You know, the Devil is so cunning. And the closest thing I can relate to the devil in my personal life is addiction. I’ve been clean from heroin and opiates, alcohol and drugs for 22 years — May 10, I will be celebrating 22 years. And there is nothing more cunning, more devious, more relentless, than the serpent of addiction. Actually, that’s an insult to serpents, because serpents are beautiful creatures.

It’s never overt. It’s a nudge on the shoulder, a whisper in the ear. If someone had come up to Jack with a contract that said, “For ‘Night Owls’ to be number one, you’re going to have to kill Millie” — there’s no way Jack would have participated in that. I’m sure there were times he got lost in the moment and said things you might not otherwise say — that you would sacrifice anything to get what you want. I’ve said that to myself back in the day when I was just trying to catch one commercial break, get one line on a TV show. But you have to be careful. I know people who practice magic and they tell me about someone who cast a spell to get a certain amount of money and what ended up happening was there was a robbery. All of their things were stolen so they got a check from insurance for the amount of money they needed — but they didn’t consider at what cost.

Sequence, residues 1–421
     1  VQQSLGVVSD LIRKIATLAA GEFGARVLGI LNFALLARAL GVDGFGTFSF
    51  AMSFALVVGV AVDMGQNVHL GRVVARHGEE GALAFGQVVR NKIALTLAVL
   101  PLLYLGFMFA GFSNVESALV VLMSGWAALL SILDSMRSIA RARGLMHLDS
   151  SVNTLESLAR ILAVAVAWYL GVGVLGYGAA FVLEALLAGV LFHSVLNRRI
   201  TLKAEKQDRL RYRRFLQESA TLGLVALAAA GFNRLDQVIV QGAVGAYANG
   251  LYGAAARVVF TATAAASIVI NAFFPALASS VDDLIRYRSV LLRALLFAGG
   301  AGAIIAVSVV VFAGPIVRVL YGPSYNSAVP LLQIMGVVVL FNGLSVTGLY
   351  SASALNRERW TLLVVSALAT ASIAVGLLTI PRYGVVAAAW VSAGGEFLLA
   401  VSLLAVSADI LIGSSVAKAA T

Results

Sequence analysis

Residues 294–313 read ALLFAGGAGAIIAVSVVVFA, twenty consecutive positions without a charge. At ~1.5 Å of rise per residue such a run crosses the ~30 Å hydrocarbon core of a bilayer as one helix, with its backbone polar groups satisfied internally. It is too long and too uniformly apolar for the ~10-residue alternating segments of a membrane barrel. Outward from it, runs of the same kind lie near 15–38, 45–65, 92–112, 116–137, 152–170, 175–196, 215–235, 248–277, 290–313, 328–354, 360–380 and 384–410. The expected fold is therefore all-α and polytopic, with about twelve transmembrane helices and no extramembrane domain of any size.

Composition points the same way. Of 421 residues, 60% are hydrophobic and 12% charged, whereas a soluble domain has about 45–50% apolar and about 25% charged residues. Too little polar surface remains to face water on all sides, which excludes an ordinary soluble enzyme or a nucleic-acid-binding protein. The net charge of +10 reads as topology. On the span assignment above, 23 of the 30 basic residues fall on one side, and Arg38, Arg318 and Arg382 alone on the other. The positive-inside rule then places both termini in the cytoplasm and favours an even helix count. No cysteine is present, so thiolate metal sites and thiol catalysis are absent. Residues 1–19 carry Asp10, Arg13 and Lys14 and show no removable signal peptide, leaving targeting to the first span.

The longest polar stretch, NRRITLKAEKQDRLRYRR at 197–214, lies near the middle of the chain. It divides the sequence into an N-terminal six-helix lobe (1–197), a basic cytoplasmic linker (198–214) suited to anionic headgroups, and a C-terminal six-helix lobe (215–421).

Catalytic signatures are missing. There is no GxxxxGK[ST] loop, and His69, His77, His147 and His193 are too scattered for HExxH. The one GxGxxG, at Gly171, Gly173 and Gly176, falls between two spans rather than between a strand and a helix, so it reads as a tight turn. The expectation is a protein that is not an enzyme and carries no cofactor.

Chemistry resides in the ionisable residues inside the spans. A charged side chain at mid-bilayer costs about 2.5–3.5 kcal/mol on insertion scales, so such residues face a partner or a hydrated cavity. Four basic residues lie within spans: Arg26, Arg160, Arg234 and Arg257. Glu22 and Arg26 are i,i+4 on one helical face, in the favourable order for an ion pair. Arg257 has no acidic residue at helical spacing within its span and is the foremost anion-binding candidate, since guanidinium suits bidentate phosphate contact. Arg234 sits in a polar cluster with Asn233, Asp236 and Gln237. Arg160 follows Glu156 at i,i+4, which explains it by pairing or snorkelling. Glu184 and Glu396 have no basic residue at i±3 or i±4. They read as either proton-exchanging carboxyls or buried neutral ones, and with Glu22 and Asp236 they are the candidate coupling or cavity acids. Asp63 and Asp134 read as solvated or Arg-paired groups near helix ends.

It’s the Monkey’s Paw.
It is. And whether people want to acknowledge it as giant sprawling mythology or not, we all get it — even if it’s in a subtle way.

To that end, do you think when Madeleine is trying to reach out it’s because she loves him — or is she angry with him?
Can both things be true at the same time? I believe yes. The people in my life that I love the most and I’ve had moments where I’ve realized I love someone so much but I’m so angry at them. I think Madeline has always loved Jack even as the ambitious, driven workaholic — because that’s part of his makeup. But he pushed it too far. And there’s appoint when you go, “God, I love you for who you are but stop it!”

Okay, I’m going to come out and ask it. The people in the audience in costume — particularly the mute skeleton — is that the devil?
The skeleton to me, in the end, is someone whose come from the coven to make sure and collect. The devil, in my opinion, really only makes one quick appearance in the film. And it’s quite subtle. I’m genuinely enjoying seeing on social media that people who have now been into their second or third view of the film and they’re going, “Ah, I see when we got a quick appearance!” Because as June says, she believes that Mr. Wriggles may not be the Satan itself or Abraxas itself, but a minor deity that is serving towards the greater cause, if you will.